globular fruit of a tree of Indonesia, 1580s, from Malay (Austronesian) durian, from duri "thorn, prickle." So called for its rind.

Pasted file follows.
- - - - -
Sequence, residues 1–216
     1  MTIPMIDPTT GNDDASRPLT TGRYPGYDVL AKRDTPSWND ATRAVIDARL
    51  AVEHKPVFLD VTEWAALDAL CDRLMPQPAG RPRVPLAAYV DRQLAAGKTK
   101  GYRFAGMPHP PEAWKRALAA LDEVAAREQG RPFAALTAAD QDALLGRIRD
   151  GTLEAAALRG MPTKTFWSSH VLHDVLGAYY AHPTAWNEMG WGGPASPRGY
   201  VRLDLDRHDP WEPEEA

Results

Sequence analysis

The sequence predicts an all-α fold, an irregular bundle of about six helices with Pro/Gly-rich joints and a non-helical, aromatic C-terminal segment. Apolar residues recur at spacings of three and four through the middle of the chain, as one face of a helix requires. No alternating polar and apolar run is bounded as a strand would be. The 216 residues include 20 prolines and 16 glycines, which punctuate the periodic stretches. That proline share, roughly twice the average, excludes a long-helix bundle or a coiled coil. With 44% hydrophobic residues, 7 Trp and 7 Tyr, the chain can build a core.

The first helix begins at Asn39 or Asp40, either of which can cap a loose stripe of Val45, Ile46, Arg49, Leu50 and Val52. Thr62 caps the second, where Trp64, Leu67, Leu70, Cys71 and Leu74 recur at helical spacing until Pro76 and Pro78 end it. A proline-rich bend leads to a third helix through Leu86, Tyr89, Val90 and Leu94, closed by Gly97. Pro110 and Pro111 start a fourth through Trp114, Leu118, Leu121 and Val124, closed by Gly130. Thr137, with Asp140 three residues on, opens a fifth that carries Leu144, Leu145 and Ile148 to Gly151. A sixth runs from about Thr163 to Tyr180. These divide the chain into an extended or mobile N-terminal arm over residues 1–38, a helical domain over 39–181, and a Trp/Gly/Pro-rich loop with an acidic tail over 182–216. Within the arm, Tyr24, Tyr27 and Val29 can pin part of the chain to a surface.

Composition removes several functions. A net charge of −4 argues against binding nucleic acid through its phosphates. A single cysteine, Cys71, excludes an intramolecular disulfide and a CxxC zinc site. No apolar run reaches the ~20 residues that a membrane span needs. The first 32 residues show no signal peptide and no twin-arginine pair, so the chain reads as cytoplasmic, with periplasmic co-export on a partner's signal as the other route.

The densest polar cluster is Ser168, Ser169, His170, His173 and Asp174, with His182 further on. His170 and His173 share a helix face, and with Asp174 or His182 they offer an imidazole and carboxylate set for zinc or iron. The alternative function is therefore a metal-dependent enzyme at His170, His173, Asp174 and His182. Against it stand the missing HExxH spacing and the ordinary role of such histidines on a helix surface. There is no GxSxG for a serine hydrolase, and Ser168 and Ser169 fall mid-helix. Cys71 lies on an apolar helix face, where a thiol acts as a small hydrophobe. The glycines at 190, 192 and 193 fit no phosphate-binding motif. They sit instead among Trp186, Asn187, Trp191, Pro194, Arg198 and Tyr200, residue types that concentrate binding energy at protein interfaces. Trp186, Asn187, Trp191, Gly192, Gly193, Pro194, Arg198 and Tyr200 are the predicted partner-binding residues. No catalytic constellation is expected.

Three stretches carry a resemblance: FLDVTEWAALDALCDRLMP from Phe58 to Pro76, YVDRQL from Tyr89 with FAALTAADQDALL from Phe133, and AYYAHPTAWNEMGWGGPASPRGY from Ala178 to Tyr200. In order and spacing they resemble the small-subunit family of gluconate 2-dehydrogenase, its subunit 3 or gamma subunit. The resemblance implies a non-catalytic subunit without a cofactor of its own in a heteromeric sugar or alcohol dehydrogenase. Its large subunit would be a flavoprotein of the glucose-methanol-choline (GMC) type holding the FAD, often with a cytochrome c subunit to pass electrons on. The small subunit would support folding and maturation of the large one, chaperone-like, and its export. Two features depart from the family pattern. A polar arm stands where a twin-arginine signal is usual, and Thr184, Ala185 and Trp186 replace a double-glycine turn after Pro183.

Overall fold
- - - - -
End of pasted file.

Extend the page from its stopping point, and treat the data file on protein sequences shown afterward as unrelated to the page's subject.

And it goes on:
The durian is deemed by the Siamese the king of fruits. Its smell is offensive to European sense, and I have heard it compared to the stink of carrion and onions mingled. But the exquisite flavour of the fruit renders even its fragrance attractive to its habitués, and it is the only fruit which has ever a considerable money-value in the Siamese market. [Sir John Bowring, "The Kingdom and People of Siam," London, 1857]